Wednesday, January 25, 2006
My own university was deprived of the great Fr. Shanley last year, as was the Dominican community next-door. But as long as he is cleaning house
in Rhode Island, I suppose I can bear to forgive him.
For this link and the two below, hat tip to CWNews
# posted by Jamie : 12:24 PM
What bothers me most about ridiculous pieces like this
, which NCR seems to run about every two weeks, just to keep a dead issue on life support, is not that it sensationalizes the issue of women's ordination. It's the way that the journal, through its editorial presentation, accepts the women's ordination as matter of fact, by off-handedly referring to how "Rev. Victoria Rue of Watsonville, Calif., [was] ordained last summer on the St. Lawrence Seaway," and using headlines like "After 'illicit but valid' ceremony, they find ways to serve."
# posted by Jamie : 12:15 PM
with Bishop Bruskewitz and Corrada on Vatican II. Skip the introductory banter and go right to the interviews. Bruskewitz is predictably good, but Corrada, the Jesuit Bishop of Tyler, is refreshingly clear-headed as well.
# posted by Jamie : 12:11 PM
Wednesday, January 11, 2006
Newman and Augustine
What gave me pause in taking up Newman's autobiographical sketch was the possibility of its personal irrelevance. After all, Newman wrote it to defend himself against specific accusations leveled against him in print, and the work is littered with historical details, mostly trivial in nature. Only about ten percent of the text is actually theological in nature.
I found the work surprisingly relevant. Newman's gradually-increasing awareness of the impossibility of remaining Anglican finds echoes in our modern situation. Newman held out as long as he did only because he held an increasingly 'Catholic' interpretation of Anglican dogma (as expressed in the 39 articles, specifically). Earlier, he was convinced that this was the true sense of the articles, as their authors had understood them. Later, he acknowledged it was probably not their original sense, but insisted that the Catholic interpretation of them was valid nonetheless. His Catholic interpretation of them was tolerated long enough by the authorities, but eventually grudging tolerance moved towards ambivalence and eventual condemnation. Besides, Newman grew frustrated that the Anglican episcopacy continued to tolerate the existence of outright heretics in the Church, which in itself seemed inconsistant with its tolerance of the Catholic interpretation.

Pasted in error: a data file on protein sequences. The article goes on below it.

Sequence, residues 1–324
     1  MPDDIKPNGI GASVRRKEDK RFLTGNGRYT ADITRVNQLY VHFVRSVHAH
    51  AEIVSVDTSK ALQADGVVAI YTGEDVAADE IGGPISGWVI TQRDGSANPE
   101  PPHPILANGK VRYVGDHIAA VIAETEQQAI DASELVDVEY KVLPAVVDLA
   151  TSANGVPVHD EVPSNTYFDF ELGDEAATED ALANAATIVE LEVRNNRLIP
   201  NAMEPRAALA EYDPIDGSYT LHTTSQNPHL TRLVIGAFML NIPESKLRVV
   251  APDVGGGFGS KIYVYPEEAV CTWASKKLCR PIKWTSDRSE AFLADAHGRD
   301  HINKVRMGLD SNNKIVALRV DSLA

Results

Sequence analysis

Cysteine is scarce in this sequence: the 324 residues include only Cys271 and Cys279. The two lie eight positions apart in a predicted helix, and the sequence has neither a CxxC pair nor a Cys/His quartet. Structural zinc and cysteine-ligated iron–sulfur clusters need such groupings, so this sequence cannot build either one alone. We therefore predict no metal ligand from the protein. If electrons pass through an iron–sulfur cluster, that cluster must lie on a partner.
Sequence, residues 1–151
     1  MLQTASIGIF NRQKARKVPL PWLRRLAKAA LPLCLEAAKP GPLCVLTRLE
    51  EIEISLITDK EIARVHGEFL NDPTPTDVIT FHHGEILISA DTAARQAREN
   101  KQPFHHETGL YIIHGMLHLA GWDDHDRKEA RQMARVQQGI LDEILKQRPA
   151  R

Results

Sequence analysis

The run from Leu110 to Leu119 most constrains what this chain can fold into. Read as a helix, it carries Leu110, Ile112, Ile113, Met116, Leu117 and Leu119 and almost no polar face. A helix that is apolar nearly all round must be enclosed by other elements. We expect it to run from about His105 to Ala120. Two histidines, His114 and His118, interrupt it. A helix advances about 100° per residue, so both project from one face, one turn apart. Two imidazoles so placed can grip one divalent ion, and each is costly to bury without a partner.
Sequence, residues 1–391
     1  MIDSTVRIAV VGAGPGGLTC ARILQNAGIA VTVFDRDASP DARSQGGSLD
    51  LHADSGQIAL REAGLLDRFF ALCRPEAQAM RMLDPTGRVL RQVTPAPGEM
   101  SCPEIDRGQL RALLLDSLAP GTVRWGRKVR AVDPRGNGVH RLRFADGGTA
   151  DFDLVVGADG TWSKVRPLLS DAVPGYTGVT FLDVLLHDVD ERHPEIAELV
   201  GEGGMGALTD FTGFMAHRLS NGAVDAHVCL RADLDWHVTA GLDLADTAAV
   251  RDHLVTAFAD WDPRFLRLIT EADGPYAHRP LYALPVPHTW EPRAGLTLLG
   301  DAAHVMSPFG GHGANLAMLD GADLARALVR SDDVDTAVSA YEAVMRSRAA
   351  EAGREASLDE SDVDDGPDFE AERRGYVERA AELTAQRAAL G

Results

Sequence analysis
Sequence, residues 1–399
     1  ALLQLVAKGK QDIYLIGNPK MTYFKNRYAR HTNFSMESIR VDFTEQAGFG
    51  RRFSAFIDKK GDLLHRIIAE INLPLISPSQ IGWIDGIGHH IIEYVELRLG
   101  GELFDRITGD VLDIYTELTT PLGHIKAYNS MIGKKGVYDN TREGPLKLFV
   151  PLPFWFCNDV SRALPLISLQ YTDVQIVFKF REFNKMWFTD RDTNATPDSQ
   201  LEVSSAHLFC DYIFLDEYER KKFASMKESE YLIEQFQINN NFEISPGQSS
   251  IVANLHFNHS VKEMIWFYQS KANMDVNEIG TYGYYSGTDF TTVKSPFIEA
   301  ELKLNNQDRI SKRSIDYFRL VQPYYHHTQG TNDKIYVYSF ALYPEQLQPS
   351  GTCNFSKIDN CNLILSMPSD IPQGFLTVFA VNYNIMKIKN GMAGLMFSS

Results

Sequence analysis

What I found especially delightful was Newman's reading of early Church history, and his shocking realization that it was the 'Roman' side of the debates which always ended up vindicated by history. Best of all, the shadow of Augustine is long as ever.
"It was difficult to make out how the Eutychians or Monophysites were heretics, unless Protestants and Anglicans were heretics also; difficult to find arguments against the Tridentine Fathers, which did not tell against the Fathers of Chalcedon; difficult to condemn the Popes of the sixteenth century, without condemning the Popes of the fifth. The drama of religion, and the combat of truth and error, were ever one and the same. The principles and proceedings of the Church now, were those of the Church then; the principles and proceedings of heretics then, were those of Protestants now. I found it so,-almost fearfully; there was an awful similitude, more awful, because so silent and unimpassioned, between the dead records of the past and the feverish chronicle of the present. The shadow of the fifth century was on the sixteenth. It was like a spirit rising from the troubled waters of the old world, with the shape and lineaments of the new. The Church then, as now, might be called peremptory and stern, resolute, overbearing, and relentless; and heretics were shifting, changeable, reserved, and deceitful, ever courting civil power, and never agreeing together, except by its aid; and the civil power was ever aiming at comprehensions, trying to put the invisible out of view, and substituting expediency for faith. What was the use of continuing the controversy, or defending my position, if, after all, I was forging arguments for Arius or Eutyches, and turning devil's advocate against the much-enduring Athanasius and the majestic Leo? Be my soul with the Saints! and shall I lift up my hand against them? Sooner may my right hand forget her cunning, and wither outright, as his who once stretched it out against a prophet of God . . . . "